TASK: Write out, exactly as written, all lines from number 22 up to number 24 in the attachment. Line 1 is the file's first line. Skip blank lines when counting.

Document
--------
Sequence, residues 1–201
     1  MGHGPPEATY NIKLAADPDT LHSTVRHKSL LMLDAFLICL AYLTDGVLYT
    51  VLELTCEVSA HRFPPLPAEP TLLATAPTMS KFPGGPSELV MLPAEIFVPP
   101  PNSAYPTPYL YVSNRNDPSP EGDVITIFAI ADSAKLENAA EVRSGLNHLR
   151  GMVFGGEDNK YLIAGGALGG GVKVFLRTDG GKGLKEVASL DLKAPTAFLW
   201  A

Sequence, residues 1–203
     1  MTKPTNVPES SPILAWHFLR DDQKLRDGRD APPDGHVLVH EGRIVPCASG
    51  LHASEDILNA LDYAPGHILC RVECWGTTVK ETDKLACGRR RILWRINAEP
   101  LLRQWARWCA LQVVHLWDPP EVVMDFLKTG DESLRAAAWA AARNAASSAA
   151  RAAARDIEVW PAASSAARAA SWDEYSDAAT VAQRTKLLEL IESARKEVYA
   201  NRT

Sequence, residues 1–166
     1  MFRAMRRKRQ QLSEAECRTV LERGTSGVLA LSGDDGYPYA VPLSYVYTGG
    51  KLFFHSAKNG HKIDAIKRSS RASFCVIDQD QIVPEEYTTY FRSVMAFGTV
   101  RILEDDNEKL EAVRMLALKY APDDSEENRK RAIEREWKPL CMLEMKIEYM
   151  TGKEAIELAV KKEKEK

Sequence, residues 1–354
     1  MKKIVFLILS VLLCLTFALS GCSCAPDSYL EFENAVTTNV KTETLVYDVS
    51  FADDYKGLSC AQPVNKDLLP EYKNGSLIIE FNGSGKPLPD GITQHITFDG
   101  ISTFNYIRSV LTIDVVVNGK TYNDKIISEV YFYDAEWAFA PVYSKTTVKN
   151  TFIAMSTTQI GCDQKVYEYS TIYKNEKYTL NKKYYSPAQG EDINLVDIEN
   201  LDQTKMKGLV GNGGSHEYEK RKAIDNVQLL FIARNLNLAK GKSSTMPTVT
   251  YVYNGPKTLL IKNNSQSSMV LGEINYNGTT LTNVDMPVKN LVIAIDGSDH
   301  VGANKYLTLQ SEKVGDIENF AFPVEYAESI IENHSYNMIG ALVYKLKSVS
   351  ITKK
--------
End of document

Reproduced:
   151  TFIAMSTTQI GCDQKVYEYS TIYKNEKYTL NKKYYSPAQG EDINLVDIEN
   201  LDQTKMKGLV GNGGSHEYEK RKAIDNVQLL FIARNLNLAK GKSSTMPTVT
   251  YVYNGPKTLL IKNNSQSSMV LGEINYNGTT LTNVDMPVKN LVIAIDGSDH